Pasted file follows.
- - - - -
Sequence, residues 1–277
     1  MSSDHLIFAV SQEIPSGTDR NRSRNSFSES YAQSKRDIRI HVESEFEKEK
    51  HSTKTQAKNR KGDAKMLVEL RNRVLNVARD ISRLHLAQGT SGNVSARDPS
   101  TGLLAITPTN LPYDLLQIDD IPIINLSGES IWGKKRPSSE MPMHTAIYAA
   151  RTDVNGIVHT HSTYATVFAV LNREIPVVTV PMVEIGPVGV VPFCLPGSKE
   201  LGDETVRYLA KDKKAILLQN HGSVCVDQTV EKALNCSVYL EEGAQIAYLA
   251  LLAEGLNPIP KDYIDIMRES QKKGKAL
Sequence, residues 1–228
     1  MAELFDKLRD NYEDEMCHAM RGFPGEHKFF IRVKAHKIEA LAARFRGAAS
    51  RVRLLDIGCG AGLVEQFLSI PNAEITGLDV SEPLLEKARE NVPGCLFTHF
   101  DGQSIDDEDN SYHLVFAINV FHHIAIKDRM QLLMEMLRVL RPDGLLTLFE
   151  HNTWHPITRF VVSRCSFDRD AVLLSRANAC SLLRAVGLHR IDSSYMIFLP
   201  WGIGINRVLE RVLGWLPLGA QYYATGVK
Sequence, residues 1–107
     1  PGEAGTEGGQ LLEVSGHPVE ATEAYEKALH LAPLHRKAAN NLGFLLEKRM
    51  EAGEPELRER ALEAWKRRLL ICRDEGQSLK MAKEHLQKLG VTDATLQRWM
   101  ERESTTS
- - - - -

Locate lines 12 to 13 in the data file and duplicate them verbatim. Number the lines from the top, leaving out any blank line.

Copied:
   151  HNTWHPITRF VVSRCSFDRD AVLLSRANAC SLLRAVGLHR IDSSYMIFLP
   201  WGIGINRVLE RVLGWLPLGA QYYATGVK